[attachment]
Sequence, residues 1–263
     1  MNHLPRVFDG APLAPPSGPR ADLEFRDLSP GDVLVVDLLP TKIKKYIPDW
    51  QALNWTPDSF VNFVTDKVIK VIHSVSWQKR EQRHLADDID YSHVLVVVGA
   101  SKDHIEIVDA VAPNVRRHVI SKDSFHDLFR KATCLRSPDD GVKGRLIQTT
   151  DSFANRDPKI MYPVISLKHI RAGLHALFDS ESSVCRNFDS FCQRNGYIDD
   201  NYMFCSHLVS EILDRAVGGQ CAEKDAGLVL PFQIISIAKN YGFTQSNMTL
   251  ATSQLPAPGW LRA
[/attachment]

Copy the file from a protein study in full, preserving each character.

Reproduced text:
Sequence, residues 1–263
     1  MNHLPRVFDG APLAPPSGPR ADLEFRDLSP GDVLVVDLLP TKIKKYIPDW
    51  QALNWTPDSF VNFVTDKVIK VIHSVSWQKR EQRHLADDID YSHVLVVVGA
   101  SKDHIEIVDA VAPNVRRHVI SKDSFHDLFR KATCLRSPDD GVKGRLIQTT
   151  DSFANRDPKI MYPVISLKHI RAGLHALFDS ESSVCRNFDS FCQRNGYIDD
   201  NYMFCSHLVS EILDRAVGGQ CAEKDAGLVL PFQIISIAKN YGFTQSNMTL
   251  ATSQLPAPGW LRA